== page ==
He hugs and kisses every girl he talks to.

Anyone who knows him will tell you Michael is a funny guy. He used to be serious when he was younger, but Michael has learned to have “more of a sense of humor about his disability,” he said.

If he runs into an object when he is walking, he will joke and say “Yes! That felt good.”

He has become comfortable with his disability.

It has taken work, but his parents whom he “loves to death” encourage Michael to push past his disability.

“Being in a sighted world we take everything for granted,” his father Boyd Moore said.  His parents did everything they could to ensure Michael is independent.

His mother, Aggie Moore, didn’t hesitate to put him to work. Growing up, he did the dishes, took out the trash and was even a barn hand on the family farm in Garrettsville, Ohio. It didn’t matter if he was blind she just wanted him to learn how to do everyday tasks. He learned this from stimulation by sound and the senses other than sight.

Sometimes he wanted to give up. He struggled with learning to do tasks that come easy to a person with sight, such as making change. But, he stuck with it and is thankful he did.

“He even said to me,’ Thank God you taught me to do different things and I know how to do it’” Aggie said.

She said he can do anything he puts his mind to. He may do it slower or differently, but he can get it done as long as someone shows him how to do it.

The behavior of his visually impaired peers Michael motivated him to become independent.

Michael participated in a personal adjustment training program for a few weeks in June and July 2003 and August 2004 at the Cleveland Sight Center. The program helps blind students learn independent living; however, Michael noticed the other students weren’t on the same level of independence as him.  He would see a lot of the students sitting around and not interacting with each other. Some of Michael’s friends can’t even feed themselves.

Michael’s parents wanted more for him. They used these students as an example of what to avoid and a reason why independence is important.

Jeanne Colosetti, Michael’s special education teacher at James A. Garfield high school, has worked with many disabled students. She said the more they can be independent the better off they are.

His personality will help him achieve this. Jeanne said Michael’s chatter, which she describes as the “gift of gab,” makes everyone feel comfortable.

Students, who aren’t encouraged to live independently, end up being dependent and essentially helpless for the remainder of their life, she said. It is important to strive for independence.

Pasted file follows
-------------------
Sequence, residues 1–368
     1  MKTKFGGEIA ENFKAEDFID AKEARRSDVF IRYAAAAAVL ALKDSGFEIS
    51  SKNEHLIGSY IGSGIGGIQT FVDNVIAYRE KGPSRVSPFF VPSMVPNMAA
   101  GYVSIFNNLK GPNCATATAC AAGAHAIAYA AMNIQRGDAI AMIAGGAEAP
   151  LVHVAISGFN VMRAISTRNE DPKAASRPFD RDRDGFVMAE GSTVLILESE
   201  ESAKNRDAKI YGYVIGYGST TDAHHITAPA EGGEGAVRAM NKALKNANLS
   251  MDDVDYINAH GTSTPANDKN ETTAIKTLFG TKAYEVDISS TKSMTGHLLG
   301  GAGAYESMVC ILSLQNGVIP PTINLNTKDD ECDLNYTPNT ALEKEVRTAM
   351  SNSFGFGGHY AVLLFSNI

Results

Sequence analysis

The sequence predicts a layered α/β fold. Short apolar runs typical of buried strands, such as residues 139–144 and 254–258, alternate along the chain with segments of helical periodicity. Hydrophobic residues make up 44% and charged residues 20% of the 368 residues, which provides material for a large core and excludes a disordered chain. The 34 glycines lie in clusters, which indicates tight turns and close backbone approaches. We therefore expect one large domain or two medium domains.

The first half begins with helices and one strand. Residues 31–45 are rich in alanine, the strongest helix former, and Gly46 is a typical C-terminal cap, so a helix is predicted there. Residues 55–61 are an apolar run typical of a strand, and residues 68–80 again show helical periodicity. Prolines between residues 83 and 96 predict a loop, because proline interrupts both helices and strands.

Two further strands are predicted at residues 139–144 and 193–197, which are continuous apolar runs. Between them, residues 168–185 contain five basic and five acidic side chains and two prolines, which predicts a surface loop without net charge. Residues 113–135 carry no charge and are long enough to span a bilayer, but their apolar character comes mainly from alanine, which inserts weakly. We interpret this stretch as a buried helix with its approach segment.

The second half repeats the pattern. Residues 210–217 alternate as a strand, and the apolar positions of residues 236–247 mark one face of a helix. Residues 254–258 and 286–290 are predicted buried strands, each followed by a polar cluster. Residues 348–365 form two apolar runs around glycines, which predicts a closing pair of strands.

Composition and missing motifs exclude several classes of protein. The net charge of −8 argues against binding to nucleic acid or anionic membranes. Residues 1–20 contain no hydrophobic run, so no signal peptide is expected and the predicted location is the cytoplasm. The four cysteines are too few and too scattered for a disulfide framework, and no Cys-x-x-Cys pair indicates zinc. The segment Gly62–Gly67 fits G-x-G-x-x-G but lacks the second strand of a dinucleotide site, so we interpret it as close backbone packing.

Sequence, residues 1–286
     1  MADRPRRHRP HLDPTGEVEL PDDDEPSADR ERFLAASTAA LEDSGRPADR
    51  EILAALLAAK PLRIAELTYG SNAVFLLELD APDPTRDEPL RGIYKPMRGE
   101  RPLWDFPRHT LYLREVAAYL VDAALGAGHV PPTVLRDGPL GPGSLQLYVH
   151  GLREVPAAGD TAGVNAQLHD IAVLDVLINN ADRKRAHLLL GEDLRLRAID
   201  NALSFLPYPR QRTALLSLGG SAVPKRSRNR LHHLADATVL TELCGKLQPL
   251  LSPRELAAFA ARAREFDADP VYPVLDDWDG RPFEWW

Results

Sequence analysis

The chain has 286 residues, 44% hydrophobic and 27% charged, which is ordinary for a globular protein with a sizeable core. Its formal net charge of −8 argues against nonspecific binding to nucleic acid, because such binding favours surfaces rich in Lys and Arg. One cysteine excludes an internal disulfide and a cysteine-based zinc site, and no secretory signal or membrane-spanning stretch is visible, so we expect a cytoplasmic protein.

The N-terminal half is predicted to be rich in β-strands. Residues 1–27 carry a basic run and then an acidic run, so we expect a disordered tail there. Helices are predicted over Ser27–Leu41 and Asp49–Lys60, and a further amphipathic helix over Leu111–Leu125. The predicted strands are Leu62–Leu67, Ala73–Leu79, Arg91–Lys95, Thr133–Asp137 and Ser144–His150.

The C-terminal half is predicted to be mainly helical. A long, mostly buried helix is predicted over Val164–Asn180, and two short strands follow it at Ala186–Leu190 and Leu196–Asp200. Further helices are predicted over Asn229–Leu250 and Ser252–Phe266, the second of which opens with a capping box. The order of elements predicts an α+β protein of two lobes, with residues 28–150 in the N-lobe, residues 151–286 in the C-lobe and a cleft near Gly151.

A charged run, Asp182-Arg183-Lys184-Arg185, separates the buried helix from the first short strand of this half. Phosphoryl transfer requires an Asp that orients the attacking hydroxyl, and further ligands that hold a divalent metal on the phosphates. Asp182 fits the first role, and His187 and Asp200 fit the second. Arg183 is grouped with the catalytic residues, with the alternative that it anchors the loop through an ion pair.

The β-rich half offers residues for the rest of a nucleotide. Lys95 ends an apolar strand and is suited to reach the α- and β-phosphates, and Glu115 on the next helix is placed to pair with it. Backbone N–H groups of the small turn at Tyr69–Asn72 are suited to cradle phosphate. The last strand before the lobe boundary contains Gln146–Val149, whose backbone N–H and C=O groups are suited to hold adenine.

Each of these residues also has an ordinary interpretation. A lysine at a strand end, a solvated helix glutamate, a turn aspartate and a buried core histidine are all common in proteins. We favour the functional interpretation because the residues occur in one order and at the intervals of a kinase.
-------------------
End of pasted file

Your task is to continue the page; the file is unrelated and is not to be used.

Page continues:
She has hope.

She believes Michael has what it takes to make it in the world.

Michael views his disability as a part of him that makes him different, just like the next person is different. He believes that God made him unique to fulfill a purpose.

He feels that his purpose is helping those without sight see the world.

This past summer, Michael volunteered at the Western Reserve Independent Living Center in Warren, Ohio, to help other visually impaired people navigate adaptive technology. He still communicates with a few people he met there.

Michael believes in independence so much that he gave a speech on the topic to visually impaired kids at Lawndale Elementary School in Akron, Ohio. He spoke about college and using technology for the visually impaired. His speech also touched on the importance of a positive attitude. At the end of his speech, Michael led the children on a walk around the neighborhood.

Harpley, who teaches the children orientation and mobility weekly, said they loved Michael. The children still ask if he’s coming back – and he gave the speech in 2007.

“Michael is ultimately what the kids want to become when they get older – an independent visually impaired person,” Harpley said.

After college, Michael wants to help other people with visual impairments. He aspires to teach other people how to use the assisted technology he uses such as JAWS or a PACmate.

He feels technology opens up another sphere of opportunities for the visually impaired.

“Technology is how we connect to the outside world,” Michael said. Technology allows blind people to do things that sighted people can do like online shopping, e-mail, listening to music and even Facebook. He wants other visually impaired people to learn how to use technology so they can do these things and more.

“People are a lot of the times showing me stuff and now it’s my turn to show them,” he said.